Use these tips to search in library databases like PubMed and Scopus and in Google Scholar.
Controlled Vocabulary: (PUBMED and Medline) Use Controlled Terms, Descriptiors, Subject Headings and/or Identifiers to look for all items on the same topic. These are terms selected by an indexer so that all articles on a topic will come up even if the author used a different word to describe it. Search the Thesaurus (when available) to find terms that are broader, more specific or related.
When there is no Thesaurus available: search by title for an article you are already aware of, or do a broad search for your subject to find an article about what you're interested in, open the record to see what terms the article is indexed under. They may be listed as subjects, keywords, or both. Use these terms to narrow your search. In some databases these terms may be clickable allowing you to see all articles indexed with a specific term.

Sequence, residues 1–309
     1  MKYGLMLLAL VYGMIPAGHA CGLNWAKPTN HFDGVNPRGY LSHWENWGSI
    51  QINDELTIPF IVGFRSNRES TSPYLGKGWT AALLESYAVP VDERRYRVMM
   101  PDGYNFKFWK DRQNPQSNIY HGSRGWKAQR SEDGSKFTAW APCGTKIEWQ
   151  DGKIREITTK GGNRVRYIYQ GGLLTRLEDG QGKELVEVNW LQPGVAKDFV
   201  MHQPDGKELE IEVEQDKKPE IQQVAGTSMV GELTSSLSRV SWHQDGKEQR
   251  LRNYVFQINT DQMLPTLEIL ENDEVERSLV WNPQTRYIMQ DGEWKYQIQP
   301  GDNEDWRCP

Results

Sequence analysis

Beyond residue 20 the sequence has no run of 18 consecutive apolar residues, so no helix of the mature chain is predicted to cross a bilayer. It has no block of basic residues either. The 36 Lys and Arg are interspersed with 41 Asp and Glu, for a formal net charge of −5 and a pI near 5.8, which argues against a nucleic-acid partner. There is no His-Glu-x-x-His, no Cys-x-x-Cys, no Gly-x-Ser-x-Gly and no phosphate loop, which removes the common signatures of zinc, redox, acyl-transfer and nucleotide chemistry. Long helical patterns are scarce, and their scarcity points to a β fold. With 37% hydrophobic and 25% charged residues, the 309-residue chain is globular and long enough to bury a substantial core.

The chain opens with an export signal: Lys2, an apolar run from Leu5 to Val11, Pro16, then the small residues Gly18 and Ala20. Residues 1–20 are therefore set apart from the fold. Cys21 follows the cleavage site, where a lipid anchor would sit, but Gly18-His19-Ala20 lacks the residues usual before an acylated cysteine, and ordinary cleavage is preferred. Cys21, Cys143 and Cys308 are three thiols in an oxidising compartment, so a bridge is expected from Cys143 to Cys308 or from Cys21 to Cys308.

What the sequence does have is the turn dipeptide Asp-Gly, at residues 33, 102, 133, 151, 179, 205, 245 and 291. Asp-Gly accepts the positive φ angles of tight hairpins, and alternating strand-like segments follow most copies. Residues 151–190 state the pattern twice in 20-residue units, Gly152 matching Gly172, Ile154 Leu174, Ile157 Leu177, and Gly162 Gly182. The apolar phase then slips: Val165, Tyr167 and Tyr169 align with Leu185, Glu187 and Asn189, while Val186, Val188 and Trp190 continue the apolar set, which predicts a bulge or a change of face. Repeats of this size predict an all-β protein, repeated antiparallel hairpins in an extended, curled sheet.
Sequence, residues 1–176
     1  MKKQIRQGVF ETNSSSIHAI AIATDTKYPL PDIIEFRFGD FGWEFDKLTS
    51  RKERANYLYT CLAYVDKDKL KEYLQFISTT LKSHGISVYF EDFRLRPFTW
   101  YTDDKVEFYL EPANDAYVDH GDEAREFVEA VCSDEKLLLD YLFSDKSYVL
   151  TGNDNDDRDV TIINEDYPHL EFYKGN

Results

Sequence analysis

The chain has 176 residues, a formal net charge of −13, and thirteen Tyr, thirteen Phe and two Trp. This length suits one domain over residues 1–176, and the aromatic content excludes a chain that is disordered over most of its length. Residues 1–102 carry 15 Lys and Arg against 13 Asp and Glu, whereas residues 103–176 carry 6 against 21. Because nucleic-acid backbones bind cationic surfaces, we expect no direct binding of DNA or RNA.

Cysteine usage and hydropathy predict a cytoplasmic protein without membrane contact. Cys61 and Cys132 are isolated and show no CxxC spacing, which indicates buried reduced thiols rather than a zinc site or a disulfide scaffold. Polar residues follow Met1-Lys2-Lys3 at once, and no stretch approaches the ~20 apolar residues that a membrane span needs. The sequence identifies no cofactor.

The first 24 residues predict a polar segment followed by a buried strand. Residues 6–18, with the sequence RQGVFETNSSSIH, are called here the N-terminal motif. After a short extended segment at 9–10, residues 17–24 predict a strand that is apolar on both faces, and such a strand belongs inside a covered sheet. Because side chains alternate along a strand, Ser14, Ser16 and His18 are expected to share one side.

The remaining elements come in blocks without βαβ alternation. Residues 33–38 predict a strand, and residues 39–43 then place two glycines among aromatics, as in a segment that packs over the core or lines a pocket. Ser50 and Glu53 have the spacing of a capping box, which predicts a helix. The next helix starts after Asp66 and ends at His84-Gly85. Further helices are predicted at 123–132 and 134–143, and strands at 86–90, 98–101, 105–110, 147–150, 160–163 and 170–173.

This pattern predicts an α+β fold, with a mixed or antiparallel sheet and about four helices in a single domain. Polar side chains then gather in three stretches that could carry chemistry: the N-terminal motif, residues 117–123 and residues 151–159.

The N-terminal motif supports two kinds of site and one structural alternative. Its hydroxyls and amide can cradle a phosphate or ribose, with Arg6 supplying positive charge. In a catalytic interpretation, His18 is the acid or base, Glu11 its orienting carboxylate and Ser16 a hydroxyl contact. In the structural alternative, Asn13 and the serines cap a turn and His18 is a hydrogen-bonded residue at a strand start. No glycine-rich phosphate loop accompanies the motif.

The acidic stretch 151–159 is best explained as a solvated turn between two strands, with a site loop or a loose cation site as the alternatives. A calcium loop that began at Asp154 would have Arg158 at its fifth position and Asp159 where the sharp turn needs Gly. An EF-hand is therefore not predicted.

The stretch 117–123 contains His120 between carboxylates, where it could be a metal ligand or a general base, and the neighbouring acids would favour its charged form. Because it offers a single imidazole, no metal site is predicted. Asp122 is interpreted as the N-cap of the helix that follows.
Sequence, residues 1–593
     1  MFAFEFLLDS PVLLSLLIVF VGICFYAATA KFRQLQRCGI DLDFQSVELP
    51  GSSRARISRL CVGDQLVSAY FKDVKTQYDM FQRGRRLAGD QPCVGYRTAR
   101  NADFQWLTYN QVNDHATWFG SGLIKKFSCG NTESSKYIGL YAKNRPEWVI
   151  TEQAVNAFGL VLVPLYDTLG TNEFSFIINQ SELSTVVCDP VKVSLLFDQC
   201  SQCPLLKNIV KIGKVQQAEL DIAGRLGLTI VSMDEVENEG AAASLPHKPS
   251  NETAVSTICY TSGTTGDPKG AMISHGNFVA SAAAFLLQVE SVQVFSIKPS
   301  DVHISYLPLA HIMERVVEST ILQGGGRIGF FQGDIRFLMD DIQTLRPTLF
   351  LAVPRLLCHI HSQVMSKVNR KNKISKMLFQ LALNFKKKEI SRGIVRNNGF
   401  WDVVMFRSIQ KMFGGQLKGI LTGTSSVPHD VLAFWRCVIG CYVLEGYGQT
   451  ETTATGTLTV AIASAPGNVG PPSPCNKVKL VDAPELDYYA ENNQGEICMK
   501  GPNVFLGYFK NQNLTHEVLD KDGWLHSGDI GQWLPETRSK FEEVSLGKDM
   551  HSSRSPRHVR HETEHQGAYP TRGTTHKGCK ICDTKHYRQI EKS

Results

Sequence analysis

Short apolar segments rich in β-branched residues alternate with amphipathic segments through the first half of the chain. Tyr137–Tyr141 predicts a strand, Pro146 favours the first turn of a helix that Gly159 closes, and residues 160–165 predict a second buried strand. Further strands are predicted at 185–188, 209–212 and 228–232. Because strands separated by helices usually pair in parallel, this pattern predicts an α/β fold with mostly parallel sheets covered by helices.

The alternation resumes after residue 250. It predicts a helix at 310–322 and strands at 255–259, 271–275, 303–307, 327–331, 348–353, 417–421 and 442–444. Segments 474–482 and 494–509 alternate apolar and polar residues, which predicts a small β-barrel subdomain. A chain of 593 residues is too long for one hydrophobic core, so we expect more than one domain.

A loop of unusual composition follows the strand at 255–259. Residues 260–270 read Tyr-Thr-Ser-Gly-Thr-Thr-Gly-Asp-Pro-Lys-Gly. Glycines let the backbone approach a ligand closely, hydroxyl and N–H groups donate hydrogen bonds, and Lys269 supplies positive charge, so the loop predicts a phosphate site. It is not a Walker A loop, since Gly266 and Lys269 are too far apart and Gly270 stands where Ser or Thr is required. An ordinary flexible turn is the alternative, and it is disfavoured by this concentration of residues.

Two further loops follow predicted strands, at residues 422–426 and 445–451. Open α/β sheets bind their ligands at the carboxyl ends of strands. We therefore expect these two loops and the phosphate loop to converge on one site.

+ or AND: Use + or AND between search terms to retrieve ALL of the words in each record. Many databases default to an AND search if you simply type words in to a search.
OR: Use OR to search synonyms or alternate words on the same topic. Or is used to expand the number of records retrieved in a search. When searching with OR the terms must be put in one search box together or grouped with parenthesis e.g. (Pets OR Cats OR Dogs)
- or Not: Use - or NOT between search terms to exclude ALL of the instances of the word following - or NOT from your search. (Use this only when absolutely necessary; it is easy to exclude useful results along with the unwanted using this technique.)
"Phrase Searching": putting quotes around a phrase tells the computer to look for the exact words next to each other in that order.
Truncation (*): Use the truncation/wildcard symbol to search different forms of a word. For example, engin* will retrieve Engineer, Engine, Engineered, Engineering, etc.